Coyne and Mooney on "intelligent design"


Appearing shortly after President Bush's August 1, 2005, remarks that seemed to endorse the teaching of "intelligent design" in the public schools, a pair of important recent articles -- Chris Mooney's "Inferior design" in the September 2005 issue of The American Prospect and Jerry Coyne's extensive "The faith that dare not speak its name" in the August 22, 2005, issue of The New Republic -- offer different but complementary examinations of "intelligent design" creationism. Both articles emphasize important, but comparatively obscure and underreported, facets of the history of the "intelligent design" movement, with Mooney revealing a perhaps surprising ideological transformation in the careers of the founders of the Discovery Institute and with Coyne providing a biologist's informed evaluation of Davis and Kenyon's Of Pandas and People, the canonical textbook of the "intelligent design" movement. Neither author is impressed by what he finds in examining "intelligent design" and its proponents: Coyne argues, "[f]ar from a respectable scientific alternative to evolution, ["intelligent design"] is a clever attempt to sneak religion, cloaked in the guise of science, into the public schools," while Mooney argues, "in the history of the Discovery Institute, we encounter a narrative that cuts to the heart -- and exposes the intellectual sleight of hand -- of the modern right’s war on science." Both articles are essential reading for those seeking to understand the "intelligent design" movement.

Mooney's article, adapted from his forthcoming book The Republican War on Science (Basic Books, 2005), begins with a review of Kitzmiller v. Dover, the upcoming case in which the constitutionality of teaching "intelligent design" in the public schools is at stake. Ironically, the Discovery Institute -- the institutional headquarters of "intelligent design" -- expressed opposition to the policy under challenge in Kitzmiller; for a further irony, as Mooney divulges, the Discovery Institute's Bruce Chapman and George Gilder have evolved since the 1960s "from liberal Republicans into staunch conservatives." Noting that "ID proponents have adopted many of the same political tactics practiced by the old-school creationists," Mooney surmises that "the peculiar characteristics of the ID movement are a direct response to the tactical and legal failings of earlier creationists." (NCSE's deputy director Glenn Branch is quoted as observing that the "teach the controversy" strategy was "pioneered in the wake of Edwards v. Aguillard.") Nevertheless, he concludes, "just like creation scientists of yore, ID hawkers have clear and ever-present religious motivations for denying and attacking evolution. And like creationists of yore, they have failed the only test that matters: They simply are not doing credible science. Instead, they are appropriating scientific-sounding arguments to advance a moral and political agenda, one they hope to force into the public-school system."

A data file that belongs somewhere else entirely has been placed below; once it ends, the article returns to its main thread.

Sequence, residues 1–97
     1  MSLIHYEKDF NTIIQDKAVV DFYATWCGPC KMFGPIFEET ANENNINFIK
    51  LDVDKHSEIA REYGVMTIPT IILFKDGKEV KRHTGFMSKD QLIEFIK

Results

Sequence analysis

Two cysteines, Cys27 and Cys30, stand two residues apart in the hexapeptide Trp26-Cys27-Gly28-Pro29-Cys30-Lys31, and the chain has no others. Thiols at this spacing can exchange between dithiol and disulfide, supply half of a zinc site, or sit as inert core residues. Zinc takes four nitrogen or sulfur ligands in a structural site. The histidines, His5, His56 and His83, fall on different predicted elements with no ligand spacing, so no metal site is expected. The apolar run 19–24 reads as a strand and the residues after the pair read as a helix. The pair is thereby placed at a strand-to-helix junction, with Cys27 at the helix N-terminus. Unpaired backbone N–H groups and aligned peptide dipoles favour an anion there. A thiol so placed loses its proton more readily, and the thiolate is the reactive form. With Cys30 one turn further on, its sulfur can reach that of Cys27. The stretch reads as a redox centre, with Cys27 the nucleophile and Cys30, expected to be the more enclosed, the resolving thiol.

Coyne's article [Link broken] also begins with a review of Kitzmiller v. Dover, but then situates it within the long history of assaults on evolution education in the United States, from the Scopes era to the advent of "intelligent design" creationism. A biologist at the University of Chicago, Coyne takes the opportunity to rehearse "just a few observations that not only support the neo-Darwinist account, but in so doing refute the alternative theory of creationism -- that God specially created organisms and their attributes," before taking on "intelligent design," which he describes as "simply the third attempt of creationists to proselytize our children at the expense of good science and clear thinking. Having failed to ban evolution from schools, and later to get equal classroom time for scientific creationism, they have made a few adjustments designed to sneak Christian cosmogony past the First Amendment." He incisively criticizes the "intelligent design" textbook Of Pandas and People, which is at issue in Kitzmiller v. Dover, as well as Michael Behe's notion of "irreducible complexity" as a challenge to evolution. "It is clear, then, that intelligent design did not arise because of some long-standing problems with evolutionary theory, or because new facts have called neoDarwinism into question," Coyne concludes. "ID is here for only one reason -- to act as a Trojan horse poised before the public schools: a seemingly secular vessel ready to inject its religious message into the science curriculum."